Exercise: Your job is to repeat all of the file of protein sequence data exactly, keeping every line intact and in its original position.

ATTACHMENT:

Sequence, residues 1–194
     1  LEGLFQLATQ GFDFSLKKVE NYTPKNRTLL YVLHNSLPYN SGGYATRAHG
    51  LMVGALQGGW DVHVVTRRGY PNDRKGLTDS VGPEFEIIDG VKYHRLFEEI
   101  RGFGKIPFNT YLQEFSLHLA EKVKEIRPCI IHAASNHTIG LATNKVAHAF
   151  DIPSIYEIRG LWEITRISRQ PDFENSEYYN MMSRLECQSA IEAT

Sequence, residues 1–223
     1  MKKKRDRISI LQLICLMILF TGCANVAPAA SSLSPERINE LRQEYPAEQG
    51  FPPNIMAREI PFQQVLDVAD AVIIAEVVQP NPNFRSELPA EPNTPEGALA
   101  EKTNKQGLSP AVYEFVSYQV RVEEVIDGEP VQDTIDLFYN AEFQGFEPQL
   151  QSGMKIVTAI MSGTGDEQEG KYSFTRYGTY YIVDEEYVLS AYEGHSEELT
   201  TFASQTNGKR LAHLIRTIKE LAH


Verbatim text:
Sequence, residues 1–194
     1  LEGLFQLATQ GFDFSLKKVE NYTPKNRTLL YVLHNSLPYN SGGYATRAHG
    51  LMVGALQGGW DVHVVTRRGY PNDRKGLTDS VGPEFEIIDG VKYHRLFEEI
   101  RGFGKIPFNT YLQEFSLHLA EKVKEIRPCI IHAASNHTIG LATNKVAHAF
   151  DIPSIYEIRG LWEITRISRQ PDFENSEYYN MMSRLECQSA IEAT

Sequence, residues 1–223
     1  MKKKRDRISI LQLICLMILF TGCANVAPAA SSLSPERINE LRQEYPAEQG
    51  FPPNIMAREI PFQQVLDVAD AVIIAEVVQP NPNFRSELPA EPNTPEGALA
   101  EKTNKQGLSP AVYEFVSYQV RVEEVIDGEP VQDTIDLFYN AEFQGFEPQL
   151  QSGMKIVTAI MSGTGDEQEG KYSFTRYGTY YIVDEEYVLS AYEGHSEELT
   201  TFASQTNGKR LAHLIRTIKE LAH